Practice Triangle I: Repertoire

For every instrument, there is a standard repertoire. Piano students at the college level have inevitably, during some point in their careers, studied a nocturne by Chopin or one of Haydn’s sonatas. Composers Eugene Bozza and Paul Creston are no strangers to saxophone students. Why should electric guitar be any different?

In my last post, I introduced the Practice Triangle, a way of structuring practice sessions and lessons so that equal time is given the three most fundamental elements of musicianship: Repertoire, Technique, and Improvisation. Let’s begin venturing deeper into each subject, starting with Repertoire.

Because there are a myriad of popular musical styles that utilize electric guitar, we as guitarists tend to specialize. This is reasonable; one cannot be equally proficient in every style. But there are musical works which exemplify electric guitar techniques, and which bear enough historical significance as to demand our study.

Always have at least one song or instrumental piece from the standard repertoire in your practice routine, even if you would never care to play it live. You might even wish to challenge yourself to seek out songs that you directly abhor.

Here is a list of suggested songs at various skill levels to aid you in your search. I selected them for their learnability, historical significance, popularity, and relevance to the student based on the specific techniques they require:


I would classify a beginner as one step above total novice: They have reached a point where they can play simple open-position chords and some moveable chords, like 5th chords and e- and a-form barre chords. A beginner might be adept at playing single-note lines that do not require deft bending or slurs of more than two successive notes, and whose rhythms are simple enough to sight-read. For the beginner, these songs range from fairly easy to somewhat challenging.

  • “Brain Stew,” Green Day
  • “For Whom the Bell Tolls,” Metallica
  • “Blitzkreig Bop,” Ramones
  • “Keep Your Hands to Yourself,” Georgia Satellites (improvised solo)
  • “I Want to Hold Your Hand,” The Beatles
  • “Mountain Song,” Janes Addiction
  • “Rooster,” Alice in Chains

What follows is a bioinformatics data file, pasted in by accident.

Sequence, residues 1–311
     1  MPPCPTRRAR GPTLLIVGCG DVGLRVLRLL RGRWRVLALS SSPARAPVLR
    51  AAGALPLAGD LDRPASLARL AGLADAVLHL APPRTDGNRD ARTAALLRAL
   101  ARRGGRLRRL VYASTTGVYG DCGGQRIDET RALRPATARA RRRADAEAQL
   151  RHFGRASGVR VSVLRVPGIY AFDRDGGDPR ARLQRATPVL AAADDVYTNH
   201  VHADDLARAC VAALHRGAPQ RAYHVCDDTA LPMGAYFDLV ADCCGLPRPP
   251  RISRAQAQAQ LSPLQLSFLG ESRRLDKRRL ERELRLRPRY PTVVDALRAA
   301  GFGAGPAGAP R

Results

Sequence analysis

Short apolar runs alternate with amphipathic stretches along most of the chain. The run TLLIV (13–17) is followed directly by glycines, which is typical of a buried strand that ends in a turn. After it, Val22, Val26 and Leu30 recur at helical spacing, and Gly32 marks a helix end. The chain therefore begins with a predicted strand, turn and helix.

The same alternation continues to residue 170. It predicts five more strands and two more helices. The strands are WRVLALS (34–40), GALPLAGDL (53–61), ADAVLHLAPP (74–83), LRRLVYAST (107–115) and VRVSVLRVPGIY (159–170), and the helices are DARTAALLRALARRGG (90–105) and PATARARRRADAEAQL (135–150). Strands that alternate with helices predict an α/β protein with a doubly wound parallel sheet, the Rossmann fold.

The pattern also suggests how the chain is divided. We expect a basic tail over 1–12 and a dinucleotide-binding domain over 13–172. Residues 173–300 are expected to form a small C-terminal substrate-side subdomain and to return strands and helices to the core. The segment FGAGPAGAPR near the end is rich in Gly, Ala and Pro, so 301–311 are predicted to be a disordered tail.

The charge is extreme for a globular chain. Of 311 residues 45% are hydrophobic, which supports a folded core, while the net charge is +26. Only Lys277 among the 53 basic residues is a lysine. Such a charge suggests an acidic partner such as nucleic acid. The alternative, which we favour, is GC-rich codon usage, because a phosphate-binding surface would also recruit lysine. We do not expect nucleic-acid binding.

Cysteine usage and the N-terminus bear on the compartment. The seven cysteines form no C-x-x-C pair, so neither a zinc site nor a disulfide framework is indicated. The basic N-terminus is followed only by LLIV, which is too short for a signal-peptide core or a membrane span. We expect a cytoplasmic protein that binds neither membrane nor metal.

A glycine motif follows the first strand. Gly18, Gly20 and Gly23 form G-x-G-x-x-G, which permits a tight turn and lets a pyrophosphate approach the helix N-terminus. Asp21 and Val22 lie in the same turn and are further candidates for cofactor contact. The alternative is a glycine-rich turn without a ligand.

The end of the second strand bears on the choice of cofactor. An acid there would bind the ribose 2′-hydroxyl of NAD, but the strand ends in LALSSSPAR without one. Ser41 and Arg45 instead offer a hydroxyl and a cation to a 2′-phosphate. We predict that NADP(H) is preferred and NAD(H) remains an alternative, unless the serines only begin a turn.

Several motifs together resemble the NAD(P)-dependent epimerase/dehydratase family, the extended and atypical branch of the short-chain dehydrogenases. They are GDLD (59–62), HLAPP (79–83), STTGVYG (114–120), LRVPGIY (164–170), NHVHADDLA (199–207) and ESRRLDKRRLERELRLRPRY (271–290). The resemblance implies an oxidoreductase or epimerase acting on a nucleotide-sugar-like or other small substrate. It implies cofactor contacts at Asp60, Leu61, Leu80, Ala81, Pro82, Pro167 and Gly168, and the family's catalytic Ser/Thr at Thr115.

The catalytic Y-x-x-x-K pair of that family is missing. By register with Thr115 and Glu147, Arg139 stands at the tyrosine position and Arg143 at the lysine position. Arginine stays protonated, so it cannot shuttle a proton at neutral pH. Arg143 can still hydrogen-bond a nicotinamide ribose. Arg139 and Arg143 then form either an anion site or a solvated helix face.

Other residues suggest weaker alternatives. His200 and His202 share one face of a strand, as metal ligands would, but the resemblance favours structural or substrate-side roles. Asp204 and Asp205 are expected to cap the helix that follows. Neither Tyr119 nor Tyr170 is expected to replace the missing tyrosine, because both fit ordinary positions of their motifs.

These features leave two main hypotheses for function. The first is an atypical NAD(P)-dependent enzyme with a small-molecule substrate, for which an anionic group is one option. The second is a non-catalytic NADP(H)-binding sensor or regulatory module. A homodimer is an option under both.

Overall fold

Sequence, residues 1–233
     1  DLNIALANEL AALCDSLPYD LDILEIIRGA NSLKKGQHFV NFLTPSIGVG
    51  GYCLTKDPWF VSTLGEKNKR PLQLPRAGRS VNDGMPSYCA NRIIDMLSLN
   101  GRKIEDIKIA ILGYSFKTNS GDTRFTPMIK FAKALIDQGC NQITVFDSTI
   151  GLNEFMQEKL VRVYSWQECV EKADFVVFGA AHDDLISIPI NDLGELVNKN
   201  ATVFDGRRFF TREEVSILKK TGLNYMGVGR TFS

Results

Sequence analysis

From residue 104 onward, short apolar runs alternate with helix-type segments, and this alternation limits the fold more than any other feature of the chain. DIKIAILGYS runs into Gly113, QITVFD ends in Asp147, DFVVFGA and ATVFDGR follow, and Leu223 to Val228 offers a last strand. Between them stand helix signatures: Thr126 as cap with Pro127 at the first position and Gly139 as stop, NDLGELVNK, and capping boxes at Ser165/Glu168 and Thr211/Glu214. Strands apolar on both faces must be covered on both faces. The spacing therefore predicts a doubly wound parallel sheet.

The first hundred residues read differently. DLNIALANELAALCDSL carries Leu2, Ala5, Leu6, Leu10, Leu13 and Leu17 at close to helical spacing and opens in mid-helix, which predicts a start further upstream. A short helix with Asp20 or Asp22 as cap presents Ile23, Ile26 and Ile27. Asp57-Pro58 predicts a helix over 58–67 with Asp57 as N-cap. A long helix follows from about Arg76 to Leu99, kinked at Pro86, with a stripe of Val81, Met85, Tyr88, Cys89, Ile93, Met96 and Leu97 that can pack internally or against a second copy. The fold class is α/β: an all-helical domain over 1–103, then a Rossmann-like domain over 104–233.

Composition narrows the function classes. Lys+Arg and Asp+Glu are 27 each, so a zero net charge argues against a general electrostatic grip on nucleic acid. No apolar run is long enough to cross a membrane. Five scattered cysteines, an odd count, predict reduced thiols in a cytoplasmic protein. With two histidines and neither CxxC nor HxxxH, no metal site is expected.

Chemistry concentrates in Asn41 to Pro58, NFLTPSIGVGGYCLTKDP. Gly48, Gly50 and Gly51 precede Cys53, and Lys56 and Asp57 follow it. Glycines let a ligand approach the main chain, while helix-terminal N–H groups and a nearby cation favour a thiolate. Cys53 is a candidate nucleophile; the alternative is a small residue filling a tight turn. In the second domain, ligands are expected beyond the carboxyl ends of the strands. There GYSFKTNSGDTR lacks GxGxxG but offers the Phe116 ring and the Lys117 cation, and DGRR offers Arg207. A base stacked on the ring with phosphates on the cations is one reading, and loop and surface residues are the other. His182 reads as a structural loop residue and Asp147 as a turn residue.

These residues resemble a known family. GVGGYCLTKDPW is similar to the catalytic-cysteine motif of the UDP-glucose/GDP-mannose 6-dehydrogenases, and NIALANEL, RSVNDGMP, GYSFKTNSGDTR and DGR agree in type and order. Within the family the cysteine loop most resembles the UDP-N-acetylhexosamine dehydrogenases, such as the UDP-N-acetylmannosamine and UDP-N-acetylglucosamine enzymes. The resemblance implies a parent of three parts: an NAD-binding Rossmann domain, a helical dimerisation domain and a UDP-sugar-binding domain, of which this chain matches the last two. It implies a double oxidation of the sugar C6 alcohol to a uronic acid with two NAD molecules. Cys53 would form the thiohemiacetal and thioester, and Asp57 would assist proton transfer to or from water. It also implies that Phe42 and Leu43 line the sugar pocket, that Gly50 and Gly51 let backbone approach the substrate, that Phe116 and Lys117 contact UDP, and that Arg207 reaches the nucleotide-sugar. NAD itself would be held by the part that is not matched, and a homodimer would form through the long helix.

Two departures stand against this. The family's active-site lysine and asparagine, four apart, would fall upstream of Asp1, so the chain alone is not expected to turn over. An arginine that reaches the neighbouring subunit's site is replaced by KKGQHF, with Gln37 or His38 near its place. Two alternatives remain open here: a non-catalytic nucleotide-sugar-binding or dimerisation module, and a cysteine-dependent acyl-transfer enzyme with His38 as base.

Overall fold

• “Wish You Were Here,” Pink Floyd
  • “Livin’ After Midnight,” Judas Priest
  • “Satisfaction,” Rolling Stones
  • “Smells Like Teen Spirit,” Nirvana
  • “I Got You (I Feel Good),” James Brown



A player at this level can perform intricate, but not overly complex riffs, and embellish static chords. Some transcribed solos might be within their reach. Extended techniques like partial palm mutes, bends of various widths, and double-stops should come easy at this point.

  • “Come Together,” The Beatles
  • “Money,” Pink Floyd
  • “Plush,” Stone Temple Pilots
  • “Sunshine of Your Love,” Cream
  • “Gimme Three Steps,” Lynyrd Skynyrd
  • “Purple Haze,” Jimi Hendrix Experience
  • “Fire,” Jimi Hendrix Experience
  • “Ain’t Talkin’ ‘Bout Love,” Van Halen
  • “Livin’ Lovin’ Maid,” Led Zeppelin
  • “All Right Now,” Free
  • “I Feel Fine,” The Beatles
  • “Can’t Buy Me Love,” The Beatles
  • Jazz tunes (comping, melody, and soloing): “Little Sunflower,” “Blue Bossa,” “Freddie Freeloader,” “So What,” “Now’s the Time,” “Blue Monk”



Any player at this level should feel confident playing a club show. Advanced players can comfortably improvise over simple progressions, and play just about any riff they encounter, short of something virtuosic. Beyond this level, one might be just as well-off without professional instruction, depending on how adept they are at transcribing and improvising. Note that the suggested jazz tunes are still considered rather elementary by jazz musicians’ standards.

  • “Stairway to Heaven,” Led Zeppelin
  • “Dust in the Wind,” Kansas
  • “After Midnight,” Eric Clapton
  • “No One Like You,” Scorpions
  • “Stone In Love,” Journey
  • “I Remember You,” Skid Row
  • “Enter Sandman,” Metallica
  • Jazz tunes: “Doxy,” “Billie’s Bounce,” “Oleo,” “Perdido,” “There is No Greater Love.”


I recommend attempting to learn as much of a tune as you can without the assistance of sheet music or tablature. A good instructor can provide guidance. If you seek out tab, please avoid online, user-submitted guitar tab. I honestly have yet to find a single example of a flawless transcription, and it’s often pretty difficult to read. Apart from officially licensed tablature (which still doesn’t guarantee accuracy), YouTube can be quite helpful.

Next, we will look at ideas for practicing improvisation. If you feel there’s something that should be added to the repertoire lists, leave a comment.

Read More:

  1. Repertoire
  2. Improvisation
  3. Technique
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